Monday, 30th October 2017

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Hong Kong protesters, police face off in clashes

Scuffles reported as pro-China supporters heed call to tear down posters at subway stations

By AP in Hong Kong
  • Published 22.09.19, 12:57 AM
  • Updated 22.09.19, 2:54 PM
  • 2 mins read
Protesters display opened palm with five fingers, signifying the five demands of protesters, as they march from Chater Garden to the US consulate in Hong Kong September 8, 2019. (AP)

Protesters in Hong Kong threw petrol bombs and police fired tear gas Saturday in renewed clashes over anti-government grievances.

Reporters saw at least one person arrested after violence erupted following an afternoon march by several thousand people in Tuen Mun, a district in the northwest of the Chinese territory.

Hong Kong is in the fourth month of sometimes violent protests that occur every weekend. They started with opposition to a proposed extradition law and have expanded to include demands for greater democracy.

Most protesters in Tuen Mun were peaceful but some threw petrol bombs and bricks toward police who faced them down the street. They appeared to fall short of the police and there was no indication anyone was hit.

Police with anti-riot helmets and shields responded by firing tear gas.

In the evening, protesters gathered at a shopping mall in another district, Yuen Long. Some threw petrol bombs in the street but there was no indication anyone was injured.

Elsewhere, scuffles were reported as government supporters heeded a call by a pro-Beijing member of the Hong Kong legislature to tear down protest posters at subway stations.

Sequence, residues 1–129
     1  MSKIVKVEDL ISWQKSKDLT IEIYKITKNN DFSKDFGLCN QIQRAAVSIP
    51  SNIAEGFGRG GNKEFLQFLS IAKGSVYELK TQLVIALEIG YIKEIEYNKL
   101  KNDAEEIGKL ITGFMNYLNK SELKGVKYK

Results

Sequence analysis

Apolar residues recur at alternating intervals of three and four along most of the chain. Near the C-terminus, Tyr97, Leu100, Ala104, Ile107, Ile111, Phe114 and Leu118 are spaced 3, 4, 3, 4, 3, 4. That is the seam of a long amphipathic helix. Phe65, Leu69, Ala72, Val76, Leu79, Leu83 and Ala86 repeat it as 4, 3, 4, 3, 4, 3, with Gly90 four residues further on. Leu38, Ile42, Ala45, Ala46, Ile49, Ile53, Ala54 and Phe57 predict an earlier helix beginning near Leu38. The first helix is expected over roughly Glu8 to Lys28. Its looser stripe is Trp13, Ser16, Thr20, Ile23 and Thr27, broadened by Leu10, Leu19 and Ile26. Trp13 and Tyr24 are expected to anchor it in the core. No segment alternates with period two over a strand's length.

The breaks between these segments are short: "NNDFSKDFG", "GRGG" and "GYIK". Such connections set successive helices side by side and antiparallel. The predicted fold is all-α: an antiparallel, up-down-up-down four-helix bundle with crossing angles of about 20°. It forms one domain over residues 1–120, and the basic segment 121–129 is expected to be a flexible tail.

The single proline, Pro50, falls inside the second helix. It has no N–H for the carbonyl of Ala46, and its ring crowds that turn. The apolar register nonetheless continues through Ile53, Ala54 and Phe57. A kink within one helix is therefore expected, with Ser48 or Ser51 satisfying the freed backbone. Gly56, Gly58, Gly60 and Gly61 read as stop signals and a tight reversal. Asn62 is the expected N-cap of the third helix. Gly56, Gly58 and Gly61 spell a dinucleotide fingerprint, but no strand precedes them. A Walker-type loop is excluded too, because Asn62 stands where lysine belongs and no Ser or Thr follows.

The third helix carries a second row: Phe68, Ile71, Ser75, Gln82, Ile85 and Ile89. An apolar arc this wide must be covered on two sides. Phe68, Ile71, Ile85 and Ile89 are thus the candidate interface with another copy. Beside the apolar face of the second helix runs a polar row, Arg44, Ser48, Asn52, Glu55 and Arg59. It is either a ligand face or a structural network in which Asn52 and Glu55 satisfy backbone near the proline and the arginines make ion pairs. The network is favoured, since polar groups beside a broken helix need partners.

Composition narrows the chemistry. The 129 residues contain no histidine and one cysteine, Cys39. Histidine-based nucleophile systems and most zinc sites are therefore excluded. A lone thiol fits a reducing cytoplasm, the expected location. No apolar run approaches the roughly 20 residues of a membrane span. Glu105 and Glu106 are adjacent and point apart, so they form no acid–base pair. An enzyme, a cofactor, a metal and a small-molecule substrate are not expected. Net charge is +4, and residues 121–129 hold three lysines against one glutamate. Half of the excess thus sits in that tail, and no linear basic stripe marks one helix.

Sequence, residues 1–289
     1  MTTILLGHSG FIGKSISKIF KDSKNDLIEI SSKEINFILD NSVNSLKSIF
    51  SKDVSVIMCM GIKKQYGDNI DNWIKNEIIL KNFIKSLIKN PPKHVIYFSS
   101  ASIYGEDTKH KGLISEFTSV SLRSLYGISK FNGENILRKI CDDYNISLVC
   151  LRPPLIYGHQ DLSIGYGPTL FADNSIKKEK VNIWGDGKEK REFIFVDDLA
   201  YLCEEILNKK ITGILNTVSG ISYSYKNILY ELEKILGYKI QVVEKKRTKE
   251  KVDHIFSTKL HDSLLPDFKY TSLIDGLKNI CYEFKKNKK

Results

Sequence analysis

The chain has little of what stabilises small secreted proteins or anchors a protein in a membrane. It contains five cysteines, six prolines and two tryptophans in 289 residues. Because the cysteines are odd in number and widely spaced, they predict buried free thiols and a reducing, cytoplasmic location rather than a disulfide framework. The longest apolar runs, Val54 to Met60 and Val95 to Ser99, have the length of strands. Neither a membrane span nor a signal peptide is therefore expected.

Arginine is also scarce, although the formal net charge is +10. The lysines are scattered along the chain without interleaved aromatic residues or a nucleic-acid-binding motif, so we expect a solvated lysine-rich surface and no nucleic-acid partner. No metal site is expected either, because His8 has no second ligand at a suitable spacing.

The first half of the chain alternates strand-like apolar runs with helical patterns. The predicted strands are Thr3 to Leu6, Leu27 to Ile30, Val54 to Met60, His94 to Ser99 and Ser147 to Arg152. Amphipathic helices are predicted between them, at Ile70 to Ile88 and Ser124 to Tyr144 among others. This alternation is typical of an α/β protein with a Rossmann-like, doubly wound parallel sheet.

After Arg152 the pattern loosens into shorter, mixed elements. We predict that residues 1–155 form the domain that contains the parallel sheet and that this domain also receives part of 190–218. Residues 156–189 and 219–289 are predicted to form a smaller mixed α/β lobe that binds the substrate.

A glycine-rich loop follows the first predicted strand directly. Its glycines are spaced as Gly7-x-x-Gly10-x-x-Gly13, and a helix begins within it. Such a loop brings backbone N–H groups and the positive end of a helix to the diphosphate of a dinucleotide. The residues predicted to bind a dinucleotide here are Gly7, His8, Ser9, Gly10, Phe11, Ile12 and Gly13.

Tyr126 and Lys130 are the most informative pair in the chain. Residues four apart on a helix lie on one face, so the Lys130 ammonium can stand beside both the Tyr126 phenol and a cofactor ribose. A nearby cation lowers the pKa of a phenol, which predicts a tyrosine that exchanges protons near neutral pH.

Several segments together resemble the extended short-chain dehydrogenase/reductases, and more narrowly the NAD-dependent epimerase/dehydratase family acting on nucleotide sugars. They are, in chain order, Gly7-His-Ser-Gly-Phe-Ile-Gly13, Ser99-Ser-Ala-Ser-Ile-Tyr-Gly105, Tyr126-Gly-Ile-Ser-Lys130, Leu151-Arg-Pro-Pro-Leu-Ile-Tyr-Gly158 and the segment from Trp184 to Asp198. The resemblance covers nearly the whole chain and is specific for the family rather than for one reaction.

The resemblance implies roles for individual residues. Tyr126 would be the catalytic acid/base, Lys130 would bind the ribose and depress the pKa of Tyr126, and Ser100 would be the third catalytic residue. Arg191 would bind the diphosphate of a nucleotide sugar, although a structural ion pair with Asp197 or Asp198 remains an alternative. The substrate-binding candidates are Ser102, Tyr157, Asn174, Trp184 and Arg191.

The events are an embarrassment for China’s Communist Party ahead of October 1 celebrations of its 70th anniversary in power.

Hong Kong’s government has cancelled a fireworks display that day, citing concern for public safety.

The protesters in Tuen Mun marched about 2km from a playground to a government office building. Many were dressed in black and carried umbrellas, a symbol of their movement.

Protesters chanted, “Reclaim Hong Kong!” and “Revolution of our times!”

Most were peaceful but some took down a Chinese flag from a pole outside a government office and set fire to it. Protesters also set up barricades to block traffic.

A government statement said protesters caused unspecified damage to the Tuen Mun light rail station and threw objects onto the tracks.

An organiser quoted by government broadcaster RTHK criticised police for sending armed anti-riot officers. That will “only escalate tension between protesters and police”, the organiser, Michael Mo, was quoted as saying.

Hong Kong’s leader, chief executive Carrie Lam, has agreed to withdraw the extradition bill. But protesters are pressing other demands, including an independent investigation of complaints about police violence during earlier demonstrations.

Protesters complain Beijing and Lam’s government are eroding the “high degree of autonomy” and western-style civil liberties promised to the former British colony when it was returned to China in 1997.

The protests have begun to weigh on Hong Kong’s economy, which already was slowing due to cooling global consumer demand.

The Hong Kong airport said passenger traffic fell in August. Business is off at hotels and retailers.

Police refused permission for Saturday’s march but an appeal tribunal agreed to allow a two-hour event.